Can a young, preternaturally successful corporate executive overcome his 50 shameful secrets to find true love?
Andrew Shaffer (Great Philosophers who Failed at Love, 2011), writing as Merkin, skewers both E. L. James’ Fifty Shades of Grey and Stephanie Meyer’s Twilight in his debut novel. Both series are certainly ripe for parody, yet Shaffer misses a real opportunity by indulging in easy, crude jokes, rather than incisive satire. Shaffer’s Anna Steal, like James’ Anastasia Steele and Meyer’s Bella Swan, suffers from a relentless interior monologue. Unfortunately, she offers little in the way of thought or advice, but instead wonders how elevators work and gulps in awe of Mr. Grey. Anna meets Grey while interviewing him for Boardroom Hotties, the magazine her too-often-hung-over roommate writes for, and the attraction is instantaneous. Grey quickly seeks to acquire Anna, dazzling her with his wealth by purchasing Wal-Mart just to give her the afternoon off for a date, buying Washington State University just to relieve her of taking tests, flying her about in his fighter jets and helicopters, ordering two of everything on the room-service menu, and whisking her away to a private island. Yet Grey has “dangerous” secrets. Unlike Edward Cullen, who was a lethal vampire, or Christian Grey, who sought the perfect submissive for his domination, Earl Grey indulges in rather tame danger. His secrets include a fondness for spanking, swimming in silver thongs, dressing up as an elf, and decorating with black velvet paintings. Warning Anna about his kinky sexuality, he introduces her to his Room of Doom, where they play Bards, Dragons, Sorcery and Magick. More a Master of Dungeons and Dragons than BDSM, Grey shocks Anna not with his deviance but his self-delusions.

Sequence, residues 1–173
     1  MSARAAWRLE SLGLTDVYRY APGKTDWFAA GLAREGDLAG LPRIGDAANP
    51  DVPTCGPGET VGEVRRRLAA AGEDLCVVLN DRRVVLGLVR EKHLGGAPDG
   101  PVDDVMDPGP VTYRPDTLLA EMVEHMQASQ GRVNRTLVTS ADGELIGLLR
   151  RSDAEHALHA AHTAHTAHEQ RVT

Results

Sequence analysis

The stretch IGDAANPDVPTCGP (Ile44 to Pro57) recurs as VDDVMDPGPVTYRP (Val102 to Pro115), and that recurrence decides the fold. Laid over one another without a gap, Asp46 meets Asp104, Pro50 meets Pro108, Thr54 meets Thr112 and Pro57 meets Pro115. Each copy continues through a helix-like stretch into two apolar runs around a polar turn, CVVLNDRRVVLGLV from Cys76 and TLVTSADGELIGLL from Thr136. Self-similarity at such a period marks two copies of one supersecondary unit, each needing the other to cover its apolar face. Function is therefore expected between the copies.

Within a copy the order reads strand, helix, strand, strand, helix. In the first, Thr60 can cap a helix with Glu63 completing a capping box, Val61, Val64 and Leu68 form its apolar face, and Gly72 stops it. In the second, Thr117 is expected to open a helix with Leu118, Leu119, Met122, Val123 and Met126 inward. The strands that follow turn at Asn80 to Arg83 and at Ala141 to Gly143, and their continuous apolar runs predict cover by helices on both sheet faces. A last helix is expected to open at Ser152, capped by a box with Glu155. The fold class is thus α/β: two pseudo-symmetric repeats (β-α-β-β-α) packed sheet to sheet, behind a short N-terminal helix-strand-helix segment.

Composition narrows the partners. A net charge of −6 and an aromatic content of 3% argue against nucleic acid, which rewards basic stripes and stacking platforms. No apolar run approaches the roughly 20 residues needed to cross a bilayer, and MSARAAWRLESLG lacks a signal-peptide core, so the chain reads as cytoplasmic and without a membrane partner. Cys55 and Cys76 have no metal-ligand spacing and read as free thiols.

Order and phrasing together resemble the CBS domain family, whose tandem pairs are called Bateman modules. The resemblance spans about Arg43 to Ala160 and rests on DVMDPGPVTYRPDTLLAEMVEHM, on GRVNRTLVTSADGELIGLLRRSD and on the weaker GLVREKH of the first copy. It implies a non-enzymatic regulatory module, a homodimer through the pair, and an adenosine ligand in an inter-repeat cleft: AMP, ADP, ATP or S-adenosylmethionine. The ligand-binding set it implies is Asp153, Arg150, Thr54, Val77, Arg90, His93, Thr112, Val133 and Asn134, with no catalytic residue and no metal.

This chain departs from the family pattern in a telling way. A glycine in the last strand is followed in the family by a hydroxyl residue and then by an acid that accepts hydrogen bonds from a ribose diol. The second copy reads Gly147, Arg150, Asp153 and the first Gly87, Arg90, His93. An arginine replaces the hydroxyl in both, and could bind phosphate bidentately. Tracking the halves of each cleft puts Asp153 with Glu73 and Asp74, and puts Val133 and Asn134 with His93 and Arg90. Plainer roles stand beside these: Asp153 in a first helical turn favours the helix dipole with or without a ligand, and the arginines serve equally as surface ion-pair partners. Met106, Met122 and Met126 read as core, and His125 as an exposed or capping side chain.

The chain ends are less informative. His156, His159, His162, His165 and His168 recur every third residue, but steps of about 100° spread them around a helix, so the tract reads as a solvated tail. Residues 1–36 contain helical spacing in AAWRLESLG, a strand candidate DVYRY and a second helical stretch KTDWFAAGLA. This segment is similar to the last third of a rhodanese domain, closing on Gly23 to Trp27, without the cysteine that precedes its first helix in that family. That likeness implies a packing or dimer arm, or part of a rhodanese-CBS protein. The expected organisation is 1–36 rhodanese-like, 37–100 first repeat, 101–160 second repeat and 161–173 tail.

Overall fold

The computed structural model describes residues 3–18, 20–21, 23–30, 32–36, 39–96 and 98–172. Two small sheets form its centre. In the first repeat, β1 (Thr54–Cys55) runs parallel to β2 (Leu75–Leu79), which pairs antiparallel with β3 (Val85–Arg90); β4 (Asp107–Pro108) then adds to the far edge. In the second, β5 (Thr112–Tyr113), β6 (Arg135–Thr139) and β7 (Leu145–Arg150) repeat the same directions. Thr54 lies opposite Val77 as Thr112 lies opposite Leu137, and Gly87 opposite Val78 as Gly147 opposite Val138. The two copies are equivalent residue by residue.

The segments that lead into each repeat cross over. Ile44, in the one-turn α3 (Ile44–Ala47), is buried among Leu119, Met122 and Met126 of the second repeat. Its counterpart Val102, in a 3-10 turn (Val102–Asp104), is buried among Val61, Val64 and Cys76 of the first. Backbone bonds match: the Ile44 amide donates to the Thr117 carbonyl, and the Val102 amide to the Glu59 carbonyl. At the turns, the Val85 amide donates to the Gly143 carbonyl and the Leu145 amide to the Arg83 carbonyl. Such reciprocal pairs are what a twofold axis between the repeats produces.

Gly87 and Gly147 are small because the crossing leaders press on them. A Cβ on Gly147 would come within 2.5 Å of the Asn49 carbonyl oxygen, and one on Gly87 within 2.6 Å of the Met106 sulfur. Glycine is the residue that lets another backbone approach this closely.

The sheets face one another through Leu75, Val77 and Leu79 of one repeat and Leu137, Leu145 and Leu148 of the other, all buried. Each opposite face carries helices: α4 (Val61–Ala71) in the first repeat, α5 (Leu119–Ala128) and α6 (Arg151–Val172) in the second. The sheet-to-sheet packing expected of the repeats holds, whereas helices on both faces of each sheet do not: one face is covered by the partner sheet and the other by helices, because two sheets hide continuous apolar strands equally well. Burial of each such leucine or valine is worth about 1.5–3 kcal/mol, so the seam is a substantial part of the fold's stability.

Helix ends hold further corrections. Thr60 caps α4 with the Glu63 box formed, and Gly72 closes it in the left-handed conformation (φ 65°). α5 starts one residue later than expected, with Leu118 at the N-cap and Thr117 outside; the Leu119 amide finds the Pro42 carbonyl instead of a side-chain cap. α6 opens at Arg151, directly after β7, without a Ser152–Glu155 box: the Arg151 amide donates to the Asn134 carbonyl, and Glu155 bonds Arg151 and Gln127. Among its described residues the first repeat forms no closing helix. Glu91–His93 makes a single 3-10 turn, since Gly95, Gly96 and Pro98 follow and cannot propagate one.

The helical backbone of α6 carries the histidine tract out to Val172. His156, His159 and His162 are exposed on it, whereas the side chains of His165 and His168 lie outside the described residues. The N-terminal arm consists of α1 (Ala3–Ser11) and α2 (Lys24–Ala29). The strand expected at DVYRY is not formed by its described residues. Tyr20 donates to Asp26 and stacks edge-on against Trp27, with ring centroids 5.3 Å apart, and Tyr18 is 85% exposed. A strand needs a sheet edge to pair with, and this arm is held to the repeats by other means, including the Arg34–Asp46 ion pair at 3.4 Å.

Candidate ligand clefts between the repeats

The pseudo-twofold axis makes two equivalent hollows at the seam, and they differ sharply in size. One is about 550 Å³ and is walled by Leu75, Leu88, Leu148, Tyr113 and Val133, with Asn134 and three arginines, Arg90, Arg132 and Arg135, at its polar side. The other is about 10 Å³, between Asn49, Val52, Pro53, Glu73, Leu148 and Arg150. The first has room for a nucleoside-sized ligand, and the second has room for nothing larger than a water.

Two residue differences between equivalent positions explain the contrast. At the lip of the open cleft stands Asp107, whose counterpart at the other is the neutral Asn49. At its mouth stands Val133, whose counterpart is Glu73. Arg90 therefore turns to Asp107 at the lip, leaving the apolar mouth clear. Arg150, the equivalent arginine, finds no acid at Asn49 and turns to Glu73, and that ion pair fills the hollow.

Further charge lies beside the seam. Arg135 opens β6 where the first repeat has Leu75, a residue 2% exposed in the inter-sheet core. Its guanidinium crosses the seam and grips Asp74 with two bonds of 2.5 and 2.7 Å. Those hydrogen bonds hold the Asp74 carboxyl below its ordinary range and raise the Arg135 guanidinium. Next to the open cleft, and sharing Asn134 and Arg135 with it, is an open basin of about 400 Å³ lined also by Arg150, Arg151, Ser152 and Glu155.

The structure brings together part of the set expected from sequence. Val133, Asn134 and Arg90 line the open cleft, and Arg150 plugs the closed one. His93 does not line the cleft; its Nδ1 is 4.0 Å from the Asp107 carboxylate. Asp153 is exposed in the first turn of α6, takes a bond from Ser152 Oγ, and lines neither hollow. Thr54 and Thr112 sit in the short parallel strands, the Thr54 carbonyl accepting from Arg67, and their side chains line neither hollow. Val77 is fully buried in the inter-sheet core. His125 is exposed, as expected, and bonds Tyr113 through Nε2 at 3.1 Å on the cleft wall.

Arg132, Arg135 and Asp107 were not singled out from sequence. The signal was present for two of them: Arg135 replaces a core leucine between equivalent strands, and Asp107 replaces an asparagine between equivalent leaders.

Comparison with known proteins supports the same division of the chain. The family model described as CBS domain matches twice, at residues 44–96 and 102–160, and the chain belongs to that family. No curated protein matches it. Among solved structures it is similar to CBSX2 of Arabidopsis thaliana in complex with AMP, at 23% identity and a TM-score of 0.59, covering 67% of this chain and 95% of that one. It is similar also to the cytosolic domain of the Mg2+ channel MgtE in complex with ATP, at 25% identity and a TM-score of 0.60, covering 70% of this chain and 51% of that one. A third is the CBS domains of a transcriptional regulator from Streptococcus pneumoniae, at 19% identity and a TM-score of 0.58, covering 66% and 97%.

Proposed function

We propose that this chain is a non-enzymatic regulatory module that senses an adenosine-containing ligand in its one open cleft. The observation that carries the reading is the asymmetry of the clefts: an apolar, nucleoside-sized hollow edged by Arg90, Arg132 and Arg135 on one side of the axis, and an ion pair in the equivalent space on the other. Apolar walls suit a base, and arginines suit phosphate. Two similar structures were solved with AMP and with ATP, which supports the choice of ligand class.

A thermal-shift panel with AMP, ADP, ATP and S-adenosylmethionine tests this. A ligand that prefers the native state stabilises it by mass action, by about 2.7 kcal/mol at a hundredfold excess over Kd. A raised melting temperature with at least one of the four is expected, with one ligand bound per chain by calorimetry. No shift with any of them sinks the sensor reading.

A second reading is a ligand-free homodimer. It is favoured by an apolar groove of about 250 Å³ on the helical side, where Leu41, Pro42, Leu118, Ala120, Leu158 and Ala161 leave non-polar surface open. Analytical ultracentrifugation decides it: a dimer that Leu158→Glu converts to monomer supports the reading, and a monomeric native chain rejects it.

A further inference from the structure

Anna may learn to laugh with, instead of at, Grey, but the constant lampooning leaves the reader numb.